Photo: Rich Pedroncelli / AP

At the same time the price of the EpiPen has soared, so have reports of malfunctions, according to a Bloomberg News analysis of data from the Food and Drug Administration.

Why it matters: "This is a lifesaving product," Diana Zuckerman, president of the National Center for Health Research, told Bloomberg. "If it fails 105 times, that's significant."

The details:

  • The FDA has received 228 reports of EpiPen failures so far this year — up from 105 last year, up from just four in 2012.
  • Of those 228 reported failures this year, 35 people were hospitalized and seven were tied to patients' deaths, according to Bloomberg.
  • The product's design changed in 2009. Mylan, the company that sells the EpiPen, told Bloomberg those changes were important for patient safety. They also extended Mylan's patent protections.

Correction: This post has been updated in the last paragraph to clarify that the EpiPen redesign was in 2009.

Go deeper

Mike Allen, author of AM
45 mins ago - Politics & Policy

Trump's next moves in Supreme Court fight

Photo: Peter Zay/Anadolu Agency via Getty Images

President Trump's choices to succeed Justice Ruth Bader Ginsburg are down to two women, both federal appeals court judges.

The frontrunners are Amy Coney Barrett of Chicago, the early favorite, and Barbara Lagoa, who is viewed as easier to confirm. The Senate confirmed Lagoa 80-15 last year, so many Democrats have already voted for her.

The TikTok deal's for-show provisions and flimsy foundations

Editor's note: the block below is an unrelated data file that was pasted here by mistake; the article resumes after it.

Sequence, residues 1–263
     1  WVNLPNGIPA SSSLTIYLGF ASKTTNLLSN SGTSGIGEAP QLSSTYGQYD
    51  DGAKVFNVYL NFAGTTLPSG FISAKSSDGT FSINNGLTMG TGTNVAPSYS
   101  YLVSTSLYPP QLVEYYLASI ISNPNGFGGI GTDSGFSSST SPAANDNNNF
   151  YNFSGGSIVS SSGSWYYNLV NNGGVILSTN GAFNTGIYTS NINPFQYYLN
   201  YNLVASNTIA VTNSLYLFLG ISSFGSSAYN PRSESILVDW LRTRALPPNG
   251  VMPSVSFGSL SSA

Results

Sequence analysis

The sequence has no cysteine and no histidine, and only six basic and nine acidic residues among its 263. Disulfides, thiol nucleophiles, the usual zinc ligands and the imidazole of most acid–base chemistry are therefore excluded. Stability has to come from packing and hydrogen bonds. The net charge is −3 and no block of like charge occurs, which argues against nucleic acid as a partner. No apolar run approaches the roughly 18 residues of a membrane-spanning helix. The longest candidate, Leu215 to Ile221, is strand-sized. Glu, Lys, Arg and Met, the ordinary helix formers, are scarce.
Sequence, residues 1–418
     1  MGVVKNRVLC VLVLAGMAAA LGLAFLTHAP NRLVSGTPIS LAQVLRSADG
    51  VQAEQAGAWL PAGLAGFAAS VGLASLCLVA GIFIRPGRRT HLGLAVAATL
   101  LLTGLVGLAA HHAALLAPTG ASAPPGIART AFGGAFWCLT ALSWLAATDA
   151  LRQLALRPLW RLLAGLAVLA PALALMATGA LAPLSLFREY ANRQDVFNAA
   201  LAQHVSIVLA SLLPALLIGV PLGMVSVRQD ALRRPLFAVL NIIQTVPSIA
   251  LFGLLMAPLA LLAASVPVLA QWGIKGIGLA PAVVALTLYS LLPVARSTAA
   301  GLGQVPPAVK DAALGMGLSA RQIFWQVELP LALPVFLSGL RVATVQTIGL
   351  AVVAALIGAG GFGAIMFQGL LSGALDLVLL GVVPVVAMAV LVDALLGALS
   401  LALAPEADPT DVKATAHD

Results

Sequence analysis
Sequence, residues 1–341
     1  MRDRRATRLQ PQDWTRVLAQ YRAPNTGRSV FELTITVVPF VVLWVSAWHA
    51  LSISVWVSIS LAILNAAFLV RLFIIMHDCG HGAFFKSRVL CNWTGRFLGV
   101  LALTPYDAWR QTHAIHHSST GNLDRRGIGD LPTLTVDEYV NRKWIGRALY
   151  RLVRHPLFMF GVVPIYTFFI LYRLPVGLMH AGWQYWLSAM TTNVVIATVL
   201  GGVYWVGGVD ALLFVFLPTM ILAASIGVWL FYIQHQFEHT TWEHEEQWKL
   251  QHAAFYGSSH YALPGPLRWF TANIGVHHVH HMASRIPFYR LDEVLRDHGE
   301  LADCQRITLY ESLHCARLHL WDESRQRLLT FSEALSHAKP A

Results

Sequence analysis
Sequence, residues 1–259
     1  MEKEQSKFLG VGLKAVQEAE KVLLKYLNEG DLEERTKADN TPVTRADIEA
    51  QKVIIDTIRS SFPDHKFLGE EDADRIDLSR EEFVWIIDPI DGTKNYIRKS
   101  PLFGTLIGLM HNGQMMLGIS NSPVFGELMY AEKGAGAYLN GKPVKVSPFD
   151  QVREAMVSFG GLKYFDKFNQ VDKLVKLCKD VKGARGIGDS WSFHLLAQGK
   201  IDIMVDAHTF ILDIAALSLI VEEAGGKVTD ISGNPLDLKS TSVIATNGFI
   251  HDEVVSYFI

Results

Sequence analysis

Illustration: Aïda Amer/Axios

The new deal to rescue TikTok from a threatened U.S. ban — full of provisions aimed at creating the temporary appearance of a presidential win — looks like a sort of Potemkin village agreement.

How it works: Potemkin villages were fake-storefront towns stood up to impress a visiting czar and dignitaries. When the visitors left, the stage set got struck.

  • Similarly, many elements of this plan look hastily erected and easily abandoned once the spotlight moves on.
2 hours ago - Technology

Over 3 million U.S. voters have already registered on social media

Illustration: Eniola Odetunde/Axios

An estimated 2.5 million+ Americans have registered to vote on Facebook, Instagram, and Messenger, Facebook announced Monday. More than 733,000 Americans have registered to vote so far via Snapchat.

Why it matters: The broad reach of social media platforms makes them uniquely effective at engaging voters — especially younger voters who may not know how to register to vote or be civically engaged.